Pioneer Community

It is a group of organisms that invade a new area in the process of Ecological Succession. These organisms are typically plants, animals and fungi. They are the first to move into a new habitat and often make the habitat more hospitable for future inhabitants. The pioneers through their death and decay leave patches of organic matter in which small animals can live. Organic debris accumulates in pockets and crevices, providing soil in which seeds can become lodged and grow. As the community of organisms continues to develop, it becomes more diverse and competition increases, but at the same time new niche opportunities develop. The pioneer species disappear as the habitat conditions change and invasion of new species progresses, leading to the replacement of the preceding community.

Pioneer Community is a group of organisms that invade a new area in the process of Ecological Succession.

Climax community

The culminating stage in the succession is the establishment of a stable community in the area, which is known as the climax community. That is, the final stage of ecological succession is the formation of the climax community. Climax communities are relatively stable and can vary widely in a given region. Some of the features of the climax community are: the vegetation of this region is tolerant to the environmental conditions. The species diversity is large and the food chains of these species are complex and with spatial structure. It is a balanced ecosystem. There is also equilibrium between the nutrients taken in from the soil and the return of the nutrients to the soil by litter fall. The individual organisms in the climax ecosystem are replaced by other organisms of the same kind. Thus it maintains species equilibrium.

The culminating stage in the succession is the establishment of a stable community in the area, which is known as the climax community.

Secondary Succession

Secondary Succession happens when an established community is replaced by a different set of plants and animals. Most ecological changes occur as secondary succession. In fact, most biological communities are in a continual state of secondary succession. Secondary succession is gradual, always moving toward the climax community. It occurs when an area that has previously had an ecological community community is so disturbed or changed that the original community was destroyed and a new community moves in.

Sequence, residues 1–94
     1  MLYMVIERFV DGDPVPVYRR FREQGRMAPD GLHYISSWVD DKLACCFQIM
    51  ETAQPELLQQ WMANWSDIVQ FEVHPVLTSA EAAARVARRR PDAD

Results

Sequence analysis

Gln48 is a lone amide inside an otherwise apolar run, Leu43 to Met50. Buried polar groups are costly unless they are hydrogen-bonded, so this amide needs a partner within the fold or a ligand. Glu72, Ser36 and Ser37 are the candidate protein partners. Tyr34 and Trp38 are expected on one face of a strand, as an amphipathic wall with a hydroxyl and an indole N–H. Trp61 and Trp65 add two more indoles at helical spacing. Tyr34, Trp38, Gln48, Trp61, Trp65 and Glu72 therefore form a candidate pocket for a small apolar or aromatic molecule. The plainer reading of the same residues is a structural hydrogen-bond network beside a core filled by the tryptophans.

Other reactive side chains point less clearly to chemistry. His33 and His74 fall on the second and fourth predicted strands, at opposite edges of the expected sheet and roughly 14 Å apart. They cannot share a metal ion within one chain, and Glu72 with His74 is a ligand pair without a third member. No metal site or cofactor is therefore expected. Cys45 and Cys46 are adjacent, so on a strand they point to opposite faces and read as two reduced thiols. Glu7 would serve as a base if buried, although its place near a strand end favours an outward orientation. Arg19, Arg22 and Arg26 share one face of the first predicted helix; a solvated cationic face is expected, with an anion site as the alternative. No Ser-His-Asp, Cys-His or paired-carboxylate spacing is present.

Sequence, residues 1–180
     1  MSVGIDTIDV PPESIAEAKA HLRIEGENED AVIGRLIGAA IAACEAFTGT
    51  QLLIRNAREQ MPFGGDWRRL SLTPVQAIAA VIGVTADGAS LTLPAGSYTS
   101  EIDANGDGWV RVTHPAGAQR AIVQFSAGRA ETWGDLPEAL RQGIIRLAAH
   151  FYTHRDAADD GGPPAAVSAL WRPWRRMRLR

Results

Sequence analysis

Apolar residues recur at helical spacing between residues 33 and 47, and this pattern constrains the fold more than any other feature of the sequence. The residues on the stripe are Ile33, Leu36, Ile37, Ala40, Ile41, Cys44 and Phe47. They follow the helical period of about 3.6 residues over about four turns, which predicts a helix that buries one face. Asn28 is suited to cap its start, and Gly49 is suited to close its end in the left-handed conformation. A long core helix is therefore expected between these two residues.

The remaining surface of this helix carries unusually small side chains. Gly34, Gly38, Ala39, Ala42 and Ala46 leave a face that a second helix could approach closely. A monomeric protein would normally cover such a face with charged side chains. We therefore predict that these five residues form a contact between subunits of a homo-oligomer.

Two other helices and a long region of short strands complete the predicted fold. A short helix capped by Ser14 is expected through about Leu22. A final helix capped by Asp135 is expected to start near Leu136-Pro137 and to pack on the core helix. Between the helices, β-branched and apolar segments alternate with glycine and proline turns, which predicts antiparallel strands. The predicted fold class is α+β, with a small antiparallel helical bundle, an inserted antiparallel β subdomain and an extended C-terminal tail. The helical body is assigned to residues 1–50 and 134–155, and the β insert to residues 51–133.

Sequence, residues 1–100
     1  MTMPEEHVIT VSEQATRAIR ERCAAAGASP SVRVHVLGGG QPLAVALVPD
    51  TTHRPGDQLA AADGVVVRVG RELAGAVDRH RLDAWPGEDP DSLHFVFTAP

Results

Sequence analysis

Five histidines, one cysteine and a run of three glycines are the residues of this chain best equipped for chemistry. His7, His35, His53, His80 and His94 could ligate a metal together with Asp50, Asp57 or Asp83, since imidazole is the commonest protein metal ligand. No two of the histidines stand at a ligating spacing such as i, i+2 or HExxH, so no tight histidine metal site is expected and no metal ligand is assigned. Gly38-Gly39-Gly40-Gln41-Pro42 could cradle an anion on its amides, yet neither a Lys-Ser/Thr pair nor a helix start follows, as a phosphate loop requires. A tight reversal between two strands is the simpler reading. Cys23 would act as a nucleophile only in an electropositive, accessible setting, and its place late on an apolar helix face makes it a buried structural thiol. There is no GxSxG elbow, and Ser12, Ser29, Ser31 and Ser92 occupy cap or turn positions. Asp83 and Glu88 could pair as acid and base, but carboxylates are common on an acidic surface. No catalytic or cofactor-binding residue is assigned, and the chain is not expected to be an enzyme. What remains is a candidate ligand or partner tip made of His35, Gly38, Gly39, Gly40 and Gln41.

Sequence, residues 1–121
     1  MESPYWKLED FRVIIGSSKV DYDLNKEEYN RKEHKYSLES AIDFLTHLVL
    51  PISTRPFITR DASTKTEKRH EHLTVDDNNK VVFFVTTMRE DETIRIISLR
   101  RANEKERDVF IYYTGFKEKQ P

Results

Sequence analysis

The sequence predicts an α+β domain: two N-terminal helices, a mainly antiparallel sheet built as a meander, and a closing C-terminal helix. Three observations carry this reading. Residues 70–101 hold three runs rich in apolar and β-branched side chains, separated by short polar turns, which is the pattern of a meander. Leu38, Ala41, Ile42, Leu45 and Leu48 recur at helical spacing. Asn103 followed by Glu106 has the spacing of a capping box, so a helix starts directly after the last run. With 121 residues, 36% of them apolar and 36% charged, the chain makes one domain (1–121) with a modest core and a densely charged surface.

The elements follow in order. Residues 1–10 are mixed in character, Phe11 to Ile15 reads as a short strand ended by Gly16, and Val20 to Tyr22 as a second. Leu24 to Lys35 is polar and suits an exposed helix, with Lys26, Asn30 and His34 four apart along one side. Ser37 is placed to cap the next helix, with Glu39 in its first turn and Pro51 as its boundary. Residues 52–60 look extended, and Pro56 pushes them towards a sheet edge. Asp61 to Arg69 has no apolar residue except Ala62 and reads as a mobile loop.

Such successions are comparatively more rapid. This is more common than primary succession, and is often the result of natural disasters such as fires, floods, and winds, as well as human interface such as logging and clear-cutting. It starts from previously built-up substrata with already existing living matter. This type of succession starts in a given area where the conditions for life are favourable because of the fact that the area was occupied earlier by well developed community. For example- succession in an abandoned crop field.

Other prominent types of Ecological Succession

Autotrophic Succession

Autotrophic Succession is characterised by early and continued dominance of autotrophic organisms like green plants. It begins in a predominantly inorganic environment and the energy flow is maintained indefinitely.

Allogenic Succession

In Allogenic Succession, the replacement of the existing community is caused largely by any other external condition and not by the existing organisms.

Autogenic Succession

Autogenic Succession refers to that type when the community itself, as a result of its reactions with the environment, modifies its own environment and thus causing its own replacement by new communities.